Stan Lepeak, Managing Director, Global Research
One particular topic on which EquaTerra focused its recently released 3Q10 global advisor and service provider Pulse survey was the most common outsourcing governance models buyers are deploying in the market today and, more importantly, the degree to which these models are a good fit to the needs of specific outsourcing efforts. We routinely cite the criticality of good outsourcing governance to the success of any outsourcing effort. Furthering this theme, it is clear that part of outsourcing governance success is identifying and employing the most appropriate model/s to meet the needs and demand of different types of outsourcing efforts.
EquaTerra has defined four main outsourcing governance models, though there are many variations to these base models. Based on our experience and the 3Q10 Pulse results, the following ordering is a representative hierarchy of these models, both in terms of the frequency deployed and complexity and sophistication of the models.
- Relationship Focus: governance/service provider management specific to each outsourcing deal
- Functional Governance Office: governance/service provider management as a separate group with a functional area, managing all agreements for one functional area
- Enterprise Outsourcing Council: governance/service provider management as a community of interest, with limited formal organization and structure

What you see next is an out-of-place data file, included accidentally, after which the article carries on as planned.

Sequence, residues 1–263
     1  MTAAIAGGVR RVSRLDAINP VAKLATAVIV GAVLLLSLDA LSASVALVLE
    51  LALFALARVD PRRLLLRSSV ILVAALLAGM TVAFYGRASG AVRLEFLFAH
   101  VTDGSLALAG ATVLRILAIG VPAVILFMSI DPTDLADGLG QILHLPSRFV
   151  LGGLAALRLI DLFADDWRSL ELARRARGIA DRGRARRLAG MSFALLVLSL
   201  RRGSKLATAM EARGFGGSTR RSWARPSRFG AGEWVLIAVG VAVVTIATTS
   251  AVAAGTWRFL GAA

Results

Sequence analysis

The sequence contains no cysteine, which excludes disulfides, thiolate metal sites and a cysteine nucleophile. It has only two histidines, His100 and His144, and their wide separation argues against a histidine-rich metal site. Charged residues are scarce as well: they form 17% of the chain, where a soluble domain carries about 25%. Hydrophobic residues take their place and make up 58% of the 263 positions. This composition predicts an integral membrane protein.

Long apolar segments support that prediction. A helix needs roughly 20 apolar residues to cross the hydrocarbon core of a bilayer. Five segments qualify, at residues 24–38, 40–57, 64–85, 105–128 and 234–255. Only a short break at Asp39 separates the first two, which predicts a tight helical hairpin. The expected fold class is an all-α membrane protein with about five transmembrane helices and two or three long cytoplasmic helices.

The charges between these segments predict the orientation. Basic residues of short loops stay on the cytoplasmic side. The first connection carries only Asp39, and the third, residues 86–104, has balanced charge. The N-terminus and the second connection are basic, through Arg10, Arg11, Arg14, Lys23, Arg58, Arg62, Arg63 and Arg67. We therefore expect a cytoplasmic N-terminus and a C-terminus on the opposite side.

- Enterprise Center of Excellence (CoE): enterprise governance/service provider management functioning as a CoE supporting multiple functional areas and multiple providers
There is not necessarily a right or wrong outsourcing governance model for a buyer to use in an effort. It is more relevant to match the model deployed to the type of outsourcing deal in terms of functional area, scale and scope, and goals (i.e., from more basic cost cutting through more complex transformational efforts). Buyers need to ensure they have the skills, experiences and resources to adequately support the model they utilize. For example, it is more viable for more experienced and sophisticated outsourcing buyers to successfully deploy an enterprise outsourcing CoE than it is for less experienced buyers to do so.
Service providers and EquaTerra advisors polled in the 3Q10 Pulse survey ranked how well they felt typical buyers’ governance models met the needs of their existing outsourcing efforts on a one-to-five scale where one represents poor fit/does not support outsourcing efforts well and five means very good fit/supports outsourcing efforts well (see figure below).
There was general consensus that buyers are often not using the most applicable outsourcing governance model. Service providers were somewhat more optimistic, but this is likely because they view buyer outsourcing governance capabilities from the perspective of their own effort and not in the context of a buyer’s overall outsourcing portfolio.
These findings indicate that not only do many buyers struggle with their outsourcing governance efforts, but that they do so in part because of a mismatch between models deployed and the needs of a specific type of outsourcing effort. A mismatch example is employing a series of relationship-focused efforts against a comprehensive set of integrated enterprise-wide outsourcing efforts that require a more coordinated and harmonized management model. So, in addition to prioritizing the importance of outsourcing governance to the overall success of outsourcing efforts, buyers must also ensure they are picking the best outsourcing governance model for their situations and recognize this is a continually evolving process. As their outsourcing efforts expand in scale and scope, this increasingly implies taking a more portfolio and CoE approach to outsourcing governance.